Finally, silibinin has been found to protect against iron-mediated tissue damage. Iron overload is a dangerous condition, since iron catalyzes various free radical reactions with resulting lipid peroxidation in the membranes. The liver is a primary site of iron-induced damage. Silibinin's antioxidant activities help protect against iron toxicity. In addition, there is evidence suggesting silibinin acts as an iron chelator, binding the free iron for safe excretion in the bile (Pietrangelo 1995; Mira 1994). Thus, iron overload states are another condition during which treatment with silibinin might be helpful. Pietrangelo points out that in fact the high antioxidant activity of flavonoids might be partly due to their ability to form inactive iron chelates, thus reducing the formation of peroxides. Pietrangelo and colleagues found that silibinin was able to protect the rat liver mitochondria against abnormalities caused by iron-induced oxidative stress, such as lipid peroxidation, ATP depletion and abnormal calcium cycling.

Flavonoids, lignans and the importance of glutathione

The extract of milk thistle seed is commonly referred to as silymarin. Silymarin is a collective name for a mixture of flavonoids or, more technically, flavolignans. Both flavonoids and lignans are often loosely grouped together with isoflavonoids (soy), phytosterols and coumestans into a category of compounds known as phytoestrogens. Structural and chemical similarities between flavonoids and human steroid hormones, and thyroid hormone are particularly intriguing. Molecular biologists have begun studying the complex hormone-like actions of flavonoids, including the modulation of various enzyme activities and signaling pathways. Eventually this may lead to a fuller understanding of how diets rich in phytoestrogens help protect against a variety of cancers, including breast cancer, prostate cancer and colon cancer.

Lignans have potent hormone-like properties and are now beginning to be studied in relation to cancer and immunomodulation. The most commonly used natural sources of lignans are flaxseed and stinging nettle (Urtica dioica). Flavonoids are part of a larger group of important compounds known as polyphenols, widely distributed in the plant world. Together with chlorophyll and carotenoids, flavonoids are the most common pigments in plants. The reason that vegetables, fruit (especially berries), and beverages such as tea and wine are so protective against cancer, cardiovascular disease and many other disorders of aging is due in large part to their content of flavonoids.

More than 4000 flavonoids have been identified so far.

Depending on molecular structure, all flavonoids show various degrees of antioxidant activity. Some are in fact very powerful antioxidants, more potent by far than vitamins C or E. Potent flavonoids such as proanthocyanidins in grape seed extract, quercetin and various other compounds in ginkgo or catechins in green tea enter our antioxidant network to regenerate vitamin C and glutathione to their antioxidant status (for more information on antioxidant networks, see Dr. Lester Packer's excellent recent book, The Antioxidant Miracle). By restoring ascorbic acid and glutathione to the reduced (antioxidant) state, flavonoids greatly potentiate the action of these primary antioxidant compounds.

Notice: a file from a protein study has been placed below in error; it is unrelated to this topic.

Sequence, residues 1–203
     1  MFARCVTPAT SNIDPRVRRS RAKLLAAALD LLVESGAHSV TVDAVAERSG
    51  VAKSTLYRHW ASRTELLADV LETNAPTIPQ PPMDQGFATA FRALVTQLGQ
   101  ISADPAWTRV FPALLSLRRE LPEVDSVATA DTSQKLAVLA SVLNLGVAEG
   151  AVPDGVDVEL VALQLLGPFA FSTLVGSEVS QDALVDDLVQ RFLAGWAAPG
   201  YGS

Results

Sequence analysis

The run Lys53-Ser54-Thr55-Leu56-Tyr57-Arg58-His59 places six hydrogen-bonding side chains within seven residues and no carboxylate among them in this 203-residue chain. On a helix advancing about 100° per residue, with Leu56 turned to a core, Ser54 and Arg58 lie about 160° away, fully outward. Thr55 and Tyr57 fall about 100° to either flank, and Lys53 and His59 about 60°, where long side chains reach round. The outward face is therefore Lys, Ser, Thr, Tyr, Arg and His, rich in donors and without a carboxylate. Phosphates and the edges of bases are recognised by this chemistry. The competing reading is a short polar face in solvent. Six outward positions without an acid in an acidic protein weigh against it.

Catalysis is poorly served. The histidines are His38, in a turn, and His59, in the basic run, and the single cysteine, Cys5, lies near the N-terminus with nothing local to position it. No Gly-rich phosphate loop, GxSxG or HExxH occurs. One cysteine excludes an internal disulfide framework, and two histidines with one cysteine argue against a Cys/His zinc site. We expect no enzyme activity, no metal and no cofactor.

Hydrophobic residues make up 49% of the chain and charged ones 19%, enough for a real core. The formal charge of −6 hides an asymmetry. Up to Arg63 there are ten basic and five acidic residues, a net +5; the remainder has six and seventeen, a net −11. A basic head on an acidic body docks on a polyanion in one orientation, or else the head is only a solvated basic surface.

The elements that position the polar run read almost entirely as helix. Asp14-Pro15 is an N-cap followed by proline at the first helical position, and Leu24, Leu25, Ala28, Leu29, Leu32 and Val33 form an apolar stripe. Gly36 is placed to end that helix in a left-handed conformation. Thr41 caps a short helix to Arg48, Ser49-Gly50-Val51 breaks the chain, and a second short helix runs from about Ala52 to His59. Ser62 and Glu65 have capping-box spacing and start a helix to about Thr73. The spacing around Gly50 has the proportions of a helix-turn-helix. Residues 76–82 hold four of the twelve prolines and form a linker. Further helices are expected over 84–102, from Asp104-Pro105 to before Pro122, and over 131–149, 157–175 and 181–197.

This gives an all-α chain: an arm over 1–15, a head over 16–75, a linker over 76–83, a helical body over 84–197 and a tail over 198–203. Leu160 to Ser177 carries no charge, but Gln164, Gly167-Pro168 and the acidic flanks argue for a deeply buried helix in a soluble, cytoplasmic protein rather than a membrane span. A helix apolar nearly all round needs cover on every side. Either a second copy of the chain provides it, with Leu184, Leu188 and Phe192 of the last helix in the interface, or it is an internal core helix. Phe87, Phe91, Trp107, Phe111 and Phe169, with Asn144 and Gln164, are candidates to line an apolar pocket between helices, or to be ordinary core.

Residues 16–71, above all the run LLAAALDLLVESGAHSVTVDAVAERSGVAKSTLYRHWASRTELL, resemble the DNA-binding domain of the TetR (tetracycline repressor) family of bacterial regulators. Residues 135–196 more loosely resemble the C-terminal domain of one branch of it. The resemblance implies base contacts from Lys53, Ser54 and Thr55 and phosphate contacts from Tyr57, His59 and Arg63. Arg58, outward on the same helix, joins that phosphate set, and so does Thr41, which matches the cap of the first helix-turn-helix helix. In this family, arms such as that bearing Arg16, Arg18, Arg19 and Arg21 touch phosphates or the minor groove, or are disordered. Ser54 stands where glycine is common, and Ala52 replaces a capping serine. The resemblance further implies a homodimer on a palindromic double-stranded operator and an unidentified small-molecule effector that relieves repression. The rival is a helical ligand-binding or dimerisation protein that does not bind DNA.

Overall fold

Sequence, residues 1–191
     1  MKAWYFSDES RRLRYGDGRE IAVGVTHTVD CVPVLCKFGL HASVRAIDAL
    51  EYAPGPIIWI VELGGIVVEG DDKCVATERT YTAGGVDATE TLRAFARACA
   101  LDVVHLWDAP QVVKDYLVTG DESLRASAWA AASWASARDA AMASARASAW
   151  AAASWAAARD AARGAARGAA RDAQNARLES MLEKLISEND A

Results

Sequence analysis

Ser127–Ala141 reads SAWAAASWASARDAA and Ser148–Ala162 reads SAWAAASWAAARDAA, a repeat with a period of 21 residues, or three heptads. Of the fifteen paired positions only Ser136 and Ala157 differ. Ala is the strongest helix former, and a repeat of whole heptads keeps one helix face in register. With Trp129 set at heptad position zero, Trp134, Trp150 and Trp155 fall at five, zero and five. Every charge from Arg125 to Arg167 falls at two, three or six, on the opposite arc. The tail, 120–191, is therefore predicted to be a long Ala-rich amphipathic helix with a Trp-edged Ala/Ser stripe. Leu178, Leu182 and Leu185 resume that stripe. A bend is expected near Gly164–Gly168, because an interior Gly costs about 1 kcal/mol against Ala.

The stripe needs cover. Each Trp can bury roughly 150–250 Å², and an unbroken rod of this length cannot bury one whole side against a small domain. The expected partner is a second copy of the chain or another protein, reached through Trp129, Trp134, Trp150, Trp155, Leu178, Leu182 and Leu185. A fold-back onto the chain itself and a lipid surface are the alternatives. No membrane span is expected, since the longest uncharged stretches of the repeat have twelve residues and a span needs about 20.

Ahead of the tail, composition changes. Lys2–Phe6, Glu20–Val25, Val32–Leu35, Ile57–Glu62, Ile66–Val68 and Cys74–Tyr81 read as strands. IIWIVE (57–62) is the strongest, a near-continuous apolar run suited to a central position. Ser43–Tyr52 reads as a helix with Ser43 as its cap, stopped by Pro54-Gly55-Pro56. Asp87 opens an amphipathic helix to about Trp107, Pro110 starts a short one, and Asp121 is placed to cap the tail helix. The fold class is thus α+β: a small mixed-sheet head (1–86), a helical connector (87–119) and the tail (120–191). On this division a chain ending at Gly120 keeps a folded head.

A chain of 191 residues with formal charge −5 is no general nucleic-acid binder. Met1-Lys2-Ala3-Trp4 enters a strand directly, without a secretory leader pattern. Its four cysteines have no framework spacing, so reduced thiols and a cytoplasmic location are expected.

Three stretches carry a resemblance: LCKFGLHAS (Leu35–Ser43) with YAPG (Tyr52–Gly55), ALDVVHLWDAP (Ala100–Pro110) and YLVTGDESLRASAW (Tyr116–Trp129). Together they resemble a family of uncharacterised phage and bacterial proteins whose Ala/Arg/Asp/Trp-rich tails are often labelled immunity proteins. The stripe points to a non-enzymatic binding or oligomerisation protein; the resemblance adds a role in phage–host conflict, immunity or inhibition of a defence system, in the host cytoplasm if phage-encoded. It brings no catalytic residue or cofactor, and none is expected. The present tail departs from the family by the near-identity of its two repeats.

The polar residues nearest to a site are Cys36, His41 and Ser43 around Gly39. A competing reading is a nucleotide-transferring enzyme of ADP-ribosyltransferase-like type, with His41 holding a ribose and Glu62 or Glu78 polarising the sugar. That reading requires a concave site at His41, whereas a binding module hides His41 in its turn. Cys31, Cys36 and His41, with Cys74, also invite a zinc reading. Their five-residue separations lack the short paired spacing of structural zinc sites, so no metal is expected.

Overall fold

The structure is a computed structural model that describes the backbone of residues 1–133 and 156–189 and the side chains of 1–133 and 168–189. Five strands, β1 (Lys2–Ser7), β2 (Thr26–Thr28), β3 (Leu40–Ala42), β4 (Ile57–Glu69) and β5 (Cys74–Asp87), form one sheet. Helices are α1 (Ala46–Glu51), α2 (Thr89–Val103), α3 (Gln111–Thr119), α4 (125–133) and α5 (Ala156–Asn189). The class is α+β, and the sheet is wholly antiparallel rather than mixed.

Dr. Lester Packer states that all flavonoids are antioxidants; their antioxidant potency depends on their molecular structure. Those flavonoids that are strong antioxidants can quench the particularly dangerous hydroxyl radical. Flavonoids stabilize cell membranes, probably thanks to their ability to protect lipids against peroxidation. Typically, flavonoids also decrease the production of nitric oxide. In excess, nitric oxide promotes chronic inflammation and the generation of more free radicals.

There is also evidence that indicates that certain flavonoids (including those found in wine, tea, and coffee) can chelate iron, which can act as a powerful catalyst of free radical induced damage. The ability to chelate iron further enhances the ability of flavonoids to decrease oxidative stress.

Taking a variety of flavonoids is a must for life extensionists. Because they lower oxidative stress and inflammation, two conditions very prominently associated with aging, flavonoids have the potential to retard the aging process. The most potent flavonoids may even extend life span. Very likely, their mechanism of action extends beyond the scavenging of free radicals and reducing inflammation. It may involve an inhibition of certain genes that affect aging.